A photo of a 63-year-old grandmother is going viral for her youthful appearance. On Sunday, a man named Chavo Lotti tweeted a photo of the woman, writing, “My grandma turned 63 yesterday,” and the Internet went nuts over the woman’s wrinkle-free visage and dewy glow, not to mention her oversized topknot and colorful overalls.
People tend to think about the eyes first when it comes to your physical appearance revealing your age. While it’s true that this is one of the most recognized areas of the face to show the signs of aging (we’re talking to you, crow’s feet), your lips could be giving your age away. As funny as that seems, there is now actually a lip age calculator that virtually detects how old your lips appear.
When University of Maryland researchers tested methylene blue on a 3D simulated model of skin, they found that it could actually make the skin look younger.
According to a new study published in the journal “Psychonomic Bulletin & Review,” people who smile are perceived as two years older than their actual age.
My goal is for my face to feel baby soft and look like I just sprayed it with a beauty elixir, and I reached that goal after a week of using Pure Vitality.
Beets are a common sweetening ingredient in the juices you’ll find at most health food stores, but a recent study found another reason to drink the bright red juice: It has anti-aging benefits. Researchers at Wake Forest University knew that exercise has positive anti-aging effects on the brain, and were looking for ways to increase those benefits. “What we showed in this brief training study of hypertensive older adults was that, as compared to exercise alone, adding a beet root juice supplement to exercise resulted in brain connectivity that closely resembles what you see in younger adults,” W. Jack Rejeski, co-author of the study, told EurekAlert.
Contrary to popular belief, older adults need more — not less — slumber, according to an April 2017 study published in the journal Neuron. In fact, lack of quality shut-eye among senior citizens can raise their risk of memory loss and suffering wide range of mental and physical disorders, such as Alzheimer’s disease, heart disease, obesity, diabetes, and stroke. “Nearly every disease killing us in later life has a causal link to lack of sleep,” Matthew Walker, senior author of the study and professor of psychology and neuroscience at the University of California, Berkeley, stated in a press release.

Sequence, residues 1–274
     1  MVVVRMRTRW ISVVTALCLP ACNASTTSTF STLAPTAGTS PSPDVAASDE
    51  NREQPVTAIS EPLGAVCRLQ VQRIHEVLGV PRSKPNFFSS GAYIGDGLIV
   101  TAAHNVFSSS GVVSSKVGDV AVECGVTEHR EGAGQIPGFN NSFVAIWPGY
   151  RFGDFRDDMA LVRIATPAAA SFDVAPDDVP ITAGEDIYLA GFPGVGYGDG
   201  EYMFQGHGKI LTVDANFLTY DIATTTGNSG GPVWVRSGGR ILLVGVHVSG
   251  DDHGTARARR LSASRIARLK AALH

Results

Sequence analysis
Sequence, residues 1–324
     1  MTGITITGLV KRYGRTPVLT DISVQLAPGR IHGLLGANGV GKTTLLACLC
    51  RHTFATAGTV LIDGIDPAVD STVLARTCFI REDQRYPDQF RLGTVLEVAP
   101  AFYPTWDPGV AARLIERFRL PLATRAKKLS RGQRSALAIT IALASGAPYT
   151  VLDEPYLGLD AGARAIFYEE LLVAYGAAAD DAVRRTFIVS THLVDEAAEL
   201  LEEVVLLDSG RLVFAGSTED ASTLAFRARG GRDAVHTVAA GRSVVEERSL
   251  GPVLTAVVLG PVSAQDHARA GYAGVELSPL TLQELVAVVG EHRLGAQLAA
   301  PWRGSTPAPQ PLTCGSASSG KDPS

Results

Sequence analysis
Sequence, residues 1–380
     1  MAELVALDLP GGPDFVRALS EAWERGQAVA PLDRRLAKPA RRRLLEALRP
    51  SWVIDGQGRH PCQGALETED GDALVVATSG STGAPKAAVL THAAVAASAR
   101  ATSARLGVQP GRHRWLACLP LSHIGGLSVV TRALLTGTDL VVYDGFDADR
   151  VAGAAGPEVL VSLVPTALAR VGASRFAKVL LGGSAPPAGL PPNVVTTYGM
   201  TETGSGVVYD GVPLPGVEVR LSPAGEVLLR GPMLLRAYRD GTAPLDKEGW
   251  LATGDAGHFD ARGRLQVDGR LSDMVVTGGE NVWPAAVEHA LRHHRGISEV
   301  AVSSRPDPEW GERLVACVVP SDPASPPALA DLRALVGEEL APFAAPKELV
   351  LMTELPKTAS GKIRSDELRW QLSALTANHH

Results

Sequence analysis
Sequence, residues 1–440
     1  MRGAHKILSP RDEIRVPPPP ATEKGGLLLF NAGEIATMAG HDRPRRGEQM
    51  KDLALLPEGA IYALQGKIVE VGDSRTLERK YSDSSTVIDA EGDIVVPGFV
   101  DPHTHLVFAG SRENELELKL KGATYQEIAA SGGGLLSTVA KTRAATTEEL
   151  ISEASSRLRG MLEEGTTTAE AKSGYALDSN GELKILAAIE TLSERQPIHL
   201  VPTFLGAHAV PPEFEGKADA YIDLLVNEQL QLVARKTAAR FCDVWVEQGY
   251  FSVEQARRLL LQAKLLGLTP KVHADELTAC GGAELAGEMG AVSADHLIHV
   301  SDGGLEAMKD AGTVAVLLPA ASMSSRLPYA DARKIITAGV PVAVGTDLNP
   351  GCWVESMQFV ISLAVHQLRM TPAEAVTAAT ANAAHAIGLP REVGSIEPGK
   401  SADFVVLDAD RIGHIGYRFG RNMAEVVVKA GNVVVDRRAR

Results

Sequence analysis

Cindy Crawford can thank her daughter, Kaia Gerber, for helping the supermodel recreate her natural hair color. Anyone familiar with the iconic photos of supermodel Cindy Crawford in her heyday during the 1980s and ’90s will remember the beauty’s trademark look — and no, we don’t mean her facial mole. Now 51 (and still stunning), Crawford admits she dyes her hair, but one challenge she encounters is recapturing the hue she was born with.
Investigators conducted an online survey and showed the volunteers photos of 13 women (faces only) without indicating if the pictures were taken before or after having “optimal” cosmetic surgery.
Repeating segments of DNA called telomeres shorten over time, paving the way for disease and other not-so-great effects of aging. Remarkably, though, those telomeres can also lengthen, based largely on our lifestyle behaviors.
Lycopene, a key ingredient found in all varieties of tomatoes, was shown in the research to protect skin against sun-ray-induced damage. Skin biopsies showed that gene expression responsible for guarding cells against photo-aging and oxidative stress were greater in the group ingesting tomato carotenoids or lutein than in the group that was not. Research shows that ultraviolet exposure is the major preventable cause of skin aging, says Joshua Zeichner, M.D., director of cosmetic and clinical research in the department of dermatology at Mount Sinai Hospital in New York.
Let’s face it, aging is inevitable. There are certain areas of the body that age quicker than others, but for some strange reason, many of us tend to forget our hands as being a huge part of that equation. “The skin on the hands is very thin like the skin underneath our eyes. Therefore, it is very fragile,” says Dendy Engleman, a board-certified dermatologic surgeon and associate at Manhattan Dermatology and Cosmetic Surgery. “Like our face, our hands are often exposed to the elements and you add cleaning, drying, and other activities on top of that.”
Makeup artist Louanna Factora speaks with Yahoo Beauty about easy ways to create a youthful appearance with a few simple changes, no matter how old you are.
The Streicher sisters—Ashley, hairstylist; Kristie, brow guru; and Jenn, makeup artist—hold forth on how to look luminous at every age.
Welcome to the New Year! It’s prediction time. Well + Good, Cosmopolitan, and plastic surgery community RealSelf all recently gave their 2016 beauty and wellness trend predictions. Now its our turn.
While women in their 20s are now getting what’s called preventative Botox, I’m countering aging with a method I like to call “preventative moisture.”
Stem cells are extremely beneficial in the natural process of healing and regeneration, but your skin is already packed with stem cells.
Sure there are innovative services available to help prevent wrinkles and even banish them once they’ve arrived but there are much simpler solutions that still work and don't cost a fortune.
Argan and Marula oils made a splash; Charlotte’s Book recently covered the incredible Moringa oil. Is there room on stage for a new star? Absolutely! If it comes with anti-aging promises, we’ll see you there. Cacay oil, extracted from yet another deep-forest tree, is the newest addition to our skincare lineup (even Bloomberg‘s on board).